We are happy to report that the Fedor Sinitsyn, a senior malware analyst at Kaspersky Labs, has discovered a weakness in the Jaff ransomware and was able to release a decryptor for all variants that have been released to date. For those who were infected with the Jaff Ransomware and had their files encrypted with the .jaff, .wlu, or .sVn extensions, this decryptor can recover your files for free.
While using the decryptor, if you have any questions or need support in decrypting your files, please feel free to post in our dedicated Jaff Ransomware Help & Support Topic.
Victims of the Jaff ransomware can be identified by their files being encrypted and have either the .jaff, .wlu, or .sVn extension appended to the file name. For example, a file called test.jpg would be encrypted and renamed as test.jpg.jaff, test.jpg.wlu, or test.jpg.sVn. An example of a folder of files encrypted by the .sVn variant of Jaff can be seen below.
Before we can begin decrypting Jaff encrypted files, we first need to terminate the ransomware. To do this, open the Windows Task Manager by pressing the Ctrl+Alt+Delete keyboard combination on your keyboard to open the Windows security screen. Then select Task Manager.
Once Task Manager is open, look for a process that appears to have a random name. For example, one campaign of the .sVn variant was using file names such as SKM_C224e9930.exe. Once you determine the Jaff process that is running, you should terminate it by clicking on the End Process button while the process is highlighted. If you cannot identify a running process, please feel free to post an image of your task manager or a list of running processes and we can let you know which process to terminate. It may also be possible that there will be no Jaff process running.
Now that Jaff is no longer running on the computer, we can begin to decrypt the encrypted files. First you need to download the RakhniDecryptor, extract the program, and then run it. Once running it will display the main screen as shown below.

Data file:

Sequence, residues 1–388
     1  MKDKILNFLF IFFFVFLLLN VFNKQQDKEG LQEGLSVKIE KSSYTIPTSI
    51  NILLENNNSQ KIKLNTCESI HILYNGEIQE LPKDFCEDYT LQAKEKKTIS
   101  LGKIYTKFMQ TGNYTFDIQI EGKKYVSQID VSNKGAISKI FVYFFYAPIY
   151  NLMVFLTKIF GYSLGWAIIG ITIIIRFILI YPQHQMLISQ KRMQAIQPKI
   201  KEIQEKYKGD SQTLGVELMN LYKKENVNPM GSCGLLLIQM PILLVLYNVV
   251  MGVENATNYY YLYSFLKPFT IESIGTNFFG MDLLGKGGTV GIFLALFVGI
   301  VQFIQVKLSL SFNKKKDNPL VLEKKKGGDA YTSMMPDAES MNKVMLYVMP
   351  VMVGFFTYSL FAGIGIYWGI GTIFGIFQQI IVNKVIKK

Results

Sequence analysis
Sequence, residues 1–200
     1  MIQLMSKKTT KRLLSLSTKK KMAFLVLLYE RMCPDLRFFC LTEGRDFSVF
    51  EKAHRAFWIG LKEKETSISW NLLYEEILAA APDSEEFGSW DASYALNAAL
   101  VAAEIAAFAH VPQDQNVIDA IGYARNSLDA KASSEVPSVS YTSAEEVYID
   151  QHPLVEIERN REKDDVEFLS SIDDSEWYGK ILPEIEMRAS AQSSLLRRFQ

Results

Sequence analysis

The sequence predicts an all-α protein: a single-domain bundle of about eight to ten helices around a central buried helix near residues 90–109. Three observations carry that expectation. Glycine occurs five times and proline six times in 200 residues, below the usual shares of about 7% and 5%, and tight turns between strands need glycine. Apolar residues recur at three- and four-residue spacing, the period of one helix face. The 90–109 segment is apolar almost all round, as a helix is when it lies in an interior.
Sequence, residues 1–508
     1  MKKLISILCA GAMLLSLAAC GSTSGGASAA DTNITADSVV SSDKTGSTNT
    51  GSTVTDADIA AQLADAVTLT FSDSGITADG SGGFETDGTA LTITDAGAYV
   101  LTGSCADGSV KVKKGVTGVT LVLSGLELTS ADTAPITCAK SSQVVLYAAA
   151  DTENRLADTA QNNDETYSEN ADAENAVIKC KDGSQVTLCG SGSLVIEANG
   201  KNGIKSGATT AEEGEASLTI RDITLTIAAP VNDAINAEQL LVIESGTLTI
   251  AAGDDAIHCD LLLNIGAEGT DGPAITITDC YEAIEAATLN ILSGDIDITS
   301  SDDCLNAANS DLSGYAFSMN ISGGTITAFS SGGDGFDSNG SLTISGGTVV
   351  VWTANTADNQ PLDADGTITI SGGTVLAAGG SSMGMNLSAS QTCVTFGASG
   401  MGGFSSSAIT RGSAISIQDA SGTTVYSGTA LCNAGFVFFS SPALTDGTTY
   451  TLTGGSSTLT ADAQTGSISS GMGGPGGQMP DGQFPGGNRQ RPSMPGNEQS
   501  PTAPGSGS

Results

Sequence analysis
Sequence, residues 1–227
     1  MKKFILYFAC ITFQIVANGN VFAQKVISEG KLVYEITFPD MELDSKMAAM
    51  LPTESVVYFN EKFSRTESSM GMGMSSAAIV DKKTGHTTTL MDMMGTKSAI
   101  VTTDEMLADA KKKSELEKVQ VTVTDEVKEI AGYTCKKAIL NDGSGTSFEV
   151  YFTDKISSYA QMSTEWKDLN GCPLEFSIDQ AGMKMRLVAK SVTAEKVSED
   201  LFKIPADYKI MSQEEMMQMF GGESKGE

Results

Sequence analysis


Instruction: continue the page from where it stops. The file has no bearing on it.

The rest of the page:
Before starting, you need to make sure that you are using version 220.127.116.11, which supports the Jaff ransomware. To check the version of the RakhniDecryptor you can click on the About link at the bottom left of the above screen. This will display a small window that shows the version of RakhniDecryptor.
If you are using version 18.104.22.168 or greater, then you should click on the Start scan button and RakhniDecryptor will prompt you to select an encrypted file. Browse to a folder that contains Jaff encrypted files and select a .Word, Excel, PDF, music, or image file.
Once you have selected an encrypted file, RakhniDecryptor will prompt you to select a ransom note as well.
Once you have selected the ransom note, click on the Open button. RakhniDecryptor will now scan the entire computer for encrypted files and decrypt them.
This process can take quite a long time, so please be patient while it scans your computer and decrypts the files.
When it has finished, you will be at a completed screen as shown below.
You can then click on the details link to see a full list of Jaff files decrypted by the decryptor.
It should be noted that even though your files are now decrypted, the original encrypted files will be left behind.
Though your files are now decrypted, the original encrypted files will still be on your computer. Once you confirm that your files have been properly decrypted, you can use CryptoSearch to move all the encrypted files into one folder so you can delete or archive them.
Now that the files have been decrypted, you can close the RahkniDecryptor program.